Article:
Fewer Chinese to visit Japan amid ongoing tensions
Updated: 2014-01-08 01:35
By Zhao Lei (China Daily)
Visitors enjoy a flower parade at Disneyland in Tokyo on Jan 1 to celebrate the New Year. Ma Ping / Xinhua News Agency
Even as many Chinese have begun to make travel plans for the Spring Festival holiday, tourism sector insiders said Chinese tourists' interest in Japan remains stagnant due to the two countries' political tensions.
"Given that the number of overseas trips made by Chinese people had substantially increased over the past several years, the decline in the number of Chinese tourists going to Japan was remarkable and obvious in 2013," Jiang Yiyi, director of the China Tourism Academy's international tourism development institute, said on Tuesday.
Chinese made nearly 2 million trips to Japan in 2012, an increase of more than 20 percent compared with 2011, she said.
In contrast, the number of trips by Chinese to Japan from January to the end of November in 2013 was 1.7 million, far fewer than that of the same period last year, she said, citing statistics from the China National Tourist Administration.
"Excluding the political rows, all aspects were favorable for Chinese tourists to travel in Japan," Jiang said. "The yuan keeps appreciating while the Japanese yen continues to depreciate. Japan has been relaxing its visa procedures since 2009 and regularly promotes sightseeing itineraries designed for Chinese tourists."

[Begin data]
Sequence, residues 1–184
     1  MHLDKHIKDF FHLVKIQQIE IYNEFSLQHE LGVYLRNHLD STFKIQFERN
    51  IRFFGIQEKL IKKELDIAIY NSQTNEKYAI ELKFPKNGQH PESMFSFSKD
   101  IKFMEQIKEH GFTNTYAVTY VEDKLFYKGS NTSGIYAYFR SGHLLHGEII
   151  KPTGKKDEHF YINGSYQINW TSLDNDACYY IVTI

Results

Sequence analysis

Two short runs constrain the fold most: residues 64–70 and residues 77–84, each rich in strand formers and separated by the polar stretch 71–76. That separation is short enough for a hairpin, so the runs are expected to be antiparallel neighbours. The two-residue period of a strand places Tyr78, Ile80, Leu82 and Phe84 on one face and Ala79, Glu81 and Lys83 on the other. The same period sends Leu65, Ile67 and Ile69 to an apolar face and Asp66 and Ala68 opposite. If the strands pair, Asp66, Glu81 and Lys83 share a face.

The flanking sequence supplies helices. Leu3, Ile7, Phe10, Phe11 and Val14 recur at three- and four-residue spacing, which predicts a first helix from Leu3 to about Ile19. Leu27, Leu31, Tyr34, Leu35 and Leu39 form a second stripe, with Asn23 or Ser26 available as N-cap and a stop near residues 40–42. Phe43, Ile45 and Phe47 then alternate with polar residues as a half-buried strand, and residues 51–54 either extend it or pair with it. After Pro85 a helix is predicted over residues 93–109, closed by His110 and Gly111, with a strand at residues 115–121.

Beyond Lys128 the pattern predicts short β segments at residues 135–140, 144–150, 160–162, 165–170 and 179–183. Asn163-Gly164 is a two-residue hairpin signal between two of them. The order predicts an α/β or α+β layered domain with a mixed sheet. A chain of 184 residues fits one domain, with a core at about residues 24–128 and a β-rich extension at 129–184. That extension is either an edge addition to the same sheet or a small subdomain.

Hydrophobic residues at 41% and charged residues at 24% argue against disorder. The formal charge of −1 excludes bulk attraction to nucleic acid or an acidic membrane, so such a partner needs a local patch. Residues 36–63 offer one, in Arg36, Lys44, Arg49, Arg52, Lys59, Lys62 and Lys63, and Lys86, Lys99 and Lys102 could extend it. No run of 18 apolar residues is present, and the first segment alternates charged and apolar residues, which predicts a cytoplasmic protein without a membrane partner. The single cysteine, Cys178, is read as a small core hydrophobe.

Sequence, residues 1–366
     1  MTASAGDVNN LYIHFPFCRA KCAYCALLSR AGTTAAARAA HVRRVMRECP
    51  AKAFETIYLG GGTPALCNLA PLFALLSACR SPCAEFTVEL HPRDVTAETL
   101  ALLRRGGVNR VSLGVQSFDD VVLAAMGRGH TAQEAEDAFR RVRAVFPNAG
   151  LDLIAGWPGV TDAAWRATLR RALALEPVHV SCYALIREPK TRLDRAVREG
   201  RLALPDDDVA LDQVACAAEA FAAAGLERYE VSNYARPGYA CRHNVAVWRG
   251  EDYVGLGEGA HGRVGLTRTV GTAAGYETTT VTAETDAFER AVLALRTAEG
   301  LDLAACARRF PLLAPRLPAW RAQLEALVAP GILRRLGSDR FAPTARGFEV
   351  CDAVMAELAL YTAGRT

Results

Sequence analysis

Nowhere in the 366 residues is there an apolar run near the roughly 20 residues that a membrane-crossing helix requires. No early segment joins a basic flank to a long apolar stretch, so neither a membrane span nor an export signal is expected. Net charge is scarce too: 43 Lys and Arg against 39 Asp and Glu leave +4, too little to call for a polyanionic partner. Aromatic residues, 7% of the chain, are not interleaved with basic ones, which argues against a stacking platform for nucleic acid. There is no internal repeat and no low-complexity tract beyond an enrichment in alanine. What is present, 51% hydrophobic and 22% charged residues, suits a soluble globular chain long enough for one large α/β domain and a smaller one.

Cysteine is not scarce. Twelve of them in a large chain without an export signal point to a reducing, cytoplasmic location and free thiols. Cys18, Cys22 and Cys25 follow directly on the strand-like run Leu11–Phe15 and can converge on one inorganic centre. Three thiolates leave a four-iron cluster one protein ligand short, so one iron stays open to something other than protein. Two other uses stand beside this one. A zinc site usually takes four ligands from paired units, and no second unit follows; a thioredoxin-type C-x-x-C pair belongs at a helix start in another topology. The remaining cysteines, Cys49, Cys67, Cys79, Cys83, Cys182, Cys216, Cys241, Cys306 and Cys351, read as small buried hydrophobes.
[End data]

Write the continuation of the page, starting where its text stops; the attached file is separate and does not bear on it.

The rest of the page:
However, Japan will not see a rapid rebound in Chinese visitors unless Tokyo properly addresses problems created by its politics, she added.
That perspective was shared by Yang Xiufang, manager of international cooperation at China Swan International Tours. He said his company saw a sharp drop in group tours for Chinese and Japanese travelers in 2013.
Yang, whose company specializes in trips to Japan, said he is not optimistic about Sino-Japanese tourism in 2014 because "no one is able to predict what will happen in international politics".
In 2013, Chinese travelers made more than 97 million overseas trips, the administration said. The enormous flow of Chinese visitors has boosted the economies of major tourist destinations, which saw Chinese guests' spending more than $102 billion in their shops, restaurants and parks in 2012.
Shao Qiwei, head of the administration, has estimated that an unprecedented 100 million overseas trips will be made by Chinese citizens in 2014.
Hideki Ijichi, chief representative of the Japan National Tourism Organization's Beijing office, told China Daily that about 1.3 million Chinese tourists went to Japan in 2013, a year-on-year decrease of nearly 10 percent.
"We will do our best to bring more Chinese travelers to Japan in 2014 and believe it is an irreversible trend that more and more Chinese people will come to visit Japan, no matter what happens" between the two nations, he said.
"What we keep telling Chinese tourists is that they will enjoy a safe and comfortable trip to Japan, which offers the best experience to visitors."
Zheng Xin contributed to this story.